UK

Business Briefing: Bitcoin, Zimbabwe, House prices and the Pound

City of London- Business briefing, get all your latest news in your daily briefing pack!

Business Briefing Bitcoin bounces back, And the demand for Bitcoin in Zimbabwe explodes following the coup and the Pound keeps on tumbling.

Bitcoin is surging again

Bitcoin continued its surge today, edging closer to the $7,000 level after a period of high volatility over the weekend. where the value dropped significantly.

The cryptocurrency first smashed the $7,000 mark at the beginning of the month, and it proceeded to climb to a record high of more than $7,800 just last week. However, over the weekend, prices plunged to around $5,600 amid a debate over a new split in bitcoin’s underlying technology, wiping off almost a quarter of its value.


Bitcoin is being traded at double its value in Zimbabwe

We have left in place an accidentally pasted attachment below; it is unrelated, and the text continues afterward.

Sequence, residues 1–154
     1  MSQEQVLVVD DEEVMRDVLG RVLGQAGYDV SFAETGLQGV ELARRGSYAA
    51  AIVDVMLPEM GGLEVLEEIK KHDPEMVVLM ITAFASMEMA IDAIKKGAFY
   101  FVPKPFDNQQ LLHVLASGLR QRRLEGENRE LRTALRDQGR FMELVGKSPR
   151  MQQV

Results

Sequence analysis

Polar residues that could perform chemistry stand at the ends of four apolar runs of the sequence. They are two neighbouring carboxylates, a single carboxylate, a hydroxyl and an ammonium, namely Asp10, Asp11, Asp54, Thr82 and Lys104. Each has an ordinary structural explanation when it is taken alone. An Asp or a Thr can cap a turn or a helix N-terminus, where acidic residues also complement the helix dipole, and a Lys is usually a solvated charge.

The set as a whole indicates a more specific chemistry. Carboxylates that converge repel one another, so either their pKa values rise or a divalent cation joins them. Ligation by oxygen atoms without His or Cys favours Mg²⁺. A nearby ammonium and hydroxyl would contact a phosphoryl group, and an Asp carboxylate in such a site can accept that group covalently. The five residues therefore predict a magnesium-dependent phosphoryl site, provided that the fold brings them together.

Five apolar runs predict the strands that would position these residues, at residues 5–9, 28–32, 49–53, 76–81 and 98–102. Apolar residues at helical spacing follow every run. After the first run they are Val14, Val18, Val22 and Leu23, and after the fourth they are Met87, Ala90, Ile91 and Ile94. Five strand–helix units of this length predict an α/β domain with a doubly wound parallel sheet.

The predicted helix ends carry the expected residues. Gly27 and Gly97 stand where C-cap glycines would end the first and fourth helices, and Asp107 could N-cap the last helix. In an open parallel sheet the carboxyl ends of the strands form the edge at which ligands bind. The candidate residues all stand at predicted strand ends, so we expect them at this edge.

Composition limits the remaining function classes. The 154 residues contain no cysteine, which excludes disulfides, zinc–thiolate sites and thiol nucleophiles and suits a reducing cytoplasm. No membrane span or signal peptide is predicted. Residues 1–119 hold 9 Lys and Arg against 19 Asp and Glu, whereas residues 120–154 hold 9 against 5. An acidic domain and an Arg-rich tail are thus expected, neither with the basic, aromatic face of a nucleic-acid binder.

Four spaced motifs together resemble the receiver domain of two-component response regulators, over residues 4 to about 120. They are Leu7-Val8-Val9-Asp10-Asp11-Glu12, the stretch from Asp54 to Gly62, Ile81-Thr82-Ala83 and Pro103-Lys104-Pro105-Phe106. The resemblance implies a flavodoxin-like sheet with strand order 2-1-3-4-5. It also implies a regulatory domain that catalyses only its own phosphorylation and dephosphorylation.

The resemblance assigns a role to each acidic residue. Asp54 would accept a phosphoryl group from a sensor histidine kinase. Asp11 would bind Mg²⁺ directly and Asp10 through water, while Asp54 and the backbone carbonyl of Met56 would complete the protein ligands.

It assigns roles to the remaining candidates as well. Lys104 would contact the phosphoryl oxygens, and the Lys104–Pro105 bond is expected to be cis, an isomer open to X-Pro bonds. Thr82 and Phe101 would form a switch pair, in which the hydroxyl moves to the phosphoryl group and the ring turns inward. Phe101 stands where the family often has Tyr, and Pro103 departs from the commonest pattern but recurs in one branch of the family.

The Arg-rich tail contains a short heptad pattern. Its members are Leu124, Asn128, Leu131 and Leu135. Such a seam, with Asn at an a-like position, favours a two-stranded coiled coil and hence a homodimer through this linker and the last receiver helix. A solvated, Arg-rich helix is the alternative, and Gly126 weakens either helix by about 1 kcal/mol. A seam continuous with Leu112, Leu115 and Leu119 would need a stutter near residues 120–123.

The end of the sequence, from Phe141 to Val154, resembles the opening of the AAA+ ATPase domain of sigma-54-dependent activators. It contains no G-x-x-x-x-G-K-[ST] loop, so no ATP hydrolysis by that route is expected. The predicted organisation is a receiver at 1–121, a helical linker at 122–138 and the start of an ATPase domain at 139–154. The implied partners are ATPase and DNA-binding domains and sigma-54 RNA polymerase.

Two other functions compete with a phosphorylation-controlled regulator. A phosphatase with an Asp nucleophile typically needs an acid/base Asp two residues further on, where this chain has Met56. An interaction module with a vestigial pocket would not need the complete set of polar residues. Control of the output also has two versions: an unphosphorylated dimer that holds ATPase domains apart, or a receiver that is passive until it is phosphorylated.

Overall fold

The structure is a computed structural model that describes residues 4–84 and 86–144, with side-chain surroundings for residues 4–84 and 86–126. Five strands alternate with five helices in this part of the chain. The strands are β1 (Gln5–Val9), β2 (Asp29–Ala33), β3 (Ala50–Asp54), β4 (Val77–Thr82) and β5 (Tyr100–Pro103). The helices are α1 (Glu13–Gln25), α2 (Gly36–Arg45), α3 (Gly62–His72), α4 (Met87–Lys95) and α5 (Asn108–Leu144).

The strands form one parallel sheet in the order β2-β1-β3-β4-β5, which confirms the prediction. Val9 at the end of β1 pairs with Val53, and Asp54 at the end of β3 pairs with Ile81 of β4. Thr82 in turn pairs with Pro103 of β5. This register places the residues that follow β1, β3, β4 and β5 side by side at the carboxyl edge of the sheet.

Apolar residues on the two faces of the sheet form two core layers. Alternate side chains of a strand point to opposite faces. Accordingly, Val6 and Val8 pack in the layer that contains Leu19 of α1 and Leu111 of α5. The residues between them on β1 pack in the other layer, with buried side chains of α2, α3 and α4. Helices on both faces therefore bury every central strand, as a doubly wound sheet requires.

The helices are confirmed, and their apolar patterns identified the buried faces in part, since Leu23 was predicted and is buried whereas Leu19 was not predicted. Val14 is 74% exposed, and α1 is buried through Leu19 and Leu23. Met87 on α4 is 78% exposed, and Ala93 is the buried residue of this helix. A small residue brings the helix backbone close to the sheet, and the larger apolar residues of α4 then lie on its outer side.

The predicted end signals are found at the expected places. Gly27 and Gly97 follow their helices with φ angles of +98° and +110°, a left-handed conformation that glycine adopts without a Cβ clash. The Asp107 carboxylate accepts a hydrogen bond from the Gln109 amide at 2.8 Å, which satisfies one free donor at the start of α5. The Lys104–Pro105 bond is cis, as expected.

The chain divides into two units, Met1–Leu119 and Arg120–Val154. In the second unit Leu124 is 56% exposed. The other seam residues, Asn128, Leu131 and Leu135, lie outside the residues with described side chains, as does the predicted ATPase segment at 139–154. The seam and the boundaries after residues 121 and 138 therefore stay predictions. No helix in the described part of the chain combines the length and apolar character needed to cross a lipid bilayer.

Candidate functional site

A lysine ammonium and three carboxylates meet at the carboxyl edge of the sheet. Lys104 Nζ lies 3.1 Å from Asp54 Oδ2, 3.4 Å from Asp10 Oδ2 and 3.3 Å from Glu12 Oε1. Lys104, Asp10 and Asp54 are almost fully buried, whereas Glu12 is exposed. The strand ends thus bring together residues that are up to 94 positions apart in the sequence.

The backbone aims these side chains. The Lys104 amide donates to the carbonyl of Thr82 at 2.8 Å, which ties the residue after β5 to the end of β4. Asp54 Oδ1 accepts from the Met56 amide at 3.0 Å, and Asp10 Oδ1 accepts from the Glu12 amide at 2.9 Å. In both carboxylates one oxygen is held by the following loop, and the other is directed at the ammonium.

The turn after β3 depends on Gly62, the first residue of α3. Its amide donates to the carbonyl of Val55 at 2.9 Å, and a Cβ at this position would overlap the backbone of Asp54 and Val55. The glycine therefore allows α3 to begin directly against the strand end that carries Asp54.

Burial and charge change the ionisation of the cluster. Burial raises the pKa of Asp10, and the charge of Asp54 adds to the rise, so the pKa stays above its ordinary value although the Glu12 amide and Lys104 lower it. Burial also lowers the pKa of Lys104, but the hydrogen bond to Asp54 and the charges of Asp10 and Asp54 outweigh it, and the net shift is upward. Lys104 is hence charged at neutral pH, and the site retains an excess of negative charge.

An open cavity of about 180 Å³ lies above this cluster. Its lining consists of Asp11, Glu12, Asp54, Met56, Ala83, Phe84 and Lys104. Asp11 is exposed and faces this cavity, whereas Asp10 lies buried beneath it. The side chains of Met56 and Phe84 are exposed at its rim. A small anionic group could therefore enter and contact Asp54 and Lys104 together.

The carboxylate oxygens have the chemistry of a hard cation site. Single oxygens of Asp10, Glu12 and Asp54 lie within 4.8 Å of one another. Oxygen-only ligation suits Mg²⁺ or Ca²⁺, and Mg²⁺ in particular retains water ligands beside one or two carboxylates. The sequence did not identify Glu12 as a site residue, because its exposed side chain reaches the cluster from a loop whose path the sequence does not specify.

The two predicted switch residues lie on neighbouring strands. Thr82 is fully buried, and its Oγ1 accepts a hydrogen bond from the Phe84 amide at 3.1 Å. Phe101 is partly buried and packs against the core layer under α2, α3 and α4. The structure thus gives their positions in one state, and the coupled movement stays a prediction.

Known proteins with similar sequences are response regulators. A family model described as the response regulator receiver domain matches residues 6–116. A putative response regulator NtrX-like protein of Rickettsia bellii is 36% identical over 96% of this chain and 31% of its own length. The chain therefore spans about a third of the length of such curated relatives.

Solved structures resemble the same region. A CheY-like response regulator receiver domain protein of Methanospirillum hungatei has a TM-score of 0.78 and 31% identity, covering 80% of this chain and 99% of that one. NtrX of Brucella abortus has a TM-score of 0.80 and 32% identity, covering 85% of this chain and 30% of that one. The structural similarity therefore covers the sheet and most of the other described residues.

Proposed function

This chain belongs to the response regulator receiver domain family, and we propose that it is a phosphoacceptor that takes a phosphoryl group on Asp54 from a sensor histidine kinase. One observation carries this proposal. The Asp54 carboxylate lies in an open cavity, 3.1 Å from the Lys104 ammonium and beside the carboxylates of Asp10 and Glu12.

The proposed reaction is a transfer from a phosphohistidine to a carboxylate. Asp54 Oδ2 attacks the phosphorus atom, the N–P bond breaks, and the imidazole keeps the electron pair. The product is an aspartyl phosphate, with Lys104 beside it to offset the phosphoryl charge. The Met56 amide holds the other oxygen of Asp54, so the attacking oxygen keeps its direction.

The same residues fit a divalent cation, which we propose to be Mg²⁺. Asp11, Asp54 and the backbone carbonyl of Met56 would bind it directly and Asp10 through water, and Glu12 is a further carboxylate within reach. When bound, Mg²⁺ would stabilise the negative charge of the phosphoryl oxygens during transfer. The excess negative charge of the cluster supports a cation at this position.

Bitcoin is trading at $13,500 in Zimbabwe, at almost double the value of the cryptocurrency on international exchanges. Demand for bitcoin has surged dramatically in the cash-strapped African country after the military seized power on Wednesday.

In Harare, Zimbabwe’s capital the digital cryptocurrency is currently trading at almost double the rate that it is worth on international Markets.


The Value of the Pound Fell Yesterday & it’s still falling today

Sterling was 0.9 per cent lower against the dollar in early trading in London, at $1.3083, and 0.6 per cent lower against the euro, at €1.1239. The pound tumbled against both the dollar and the euro in the early hours of today after a catalogue of woes hit the Prime Minister over the weekend.

Businesses and banks are increasingly impatient and worried. Investors are leaving the pound due to the chaotic political environment inside and outside the UK.


House Prices Tumble

House Prices have fallen again closing the north south divide. More than one in three of properties on the Rightmove property portal are now advertised below their initial asking price.

There are also far too many vendors in London who think a reduction of £10,000 is enough. This barely moves the needle when you turn it into a percentage. Some analyst believe the market is still adjusting from the surge in sales prior to the new stamp duty announcements. Causes such as Brexit and the referendum have almost negated market forces.


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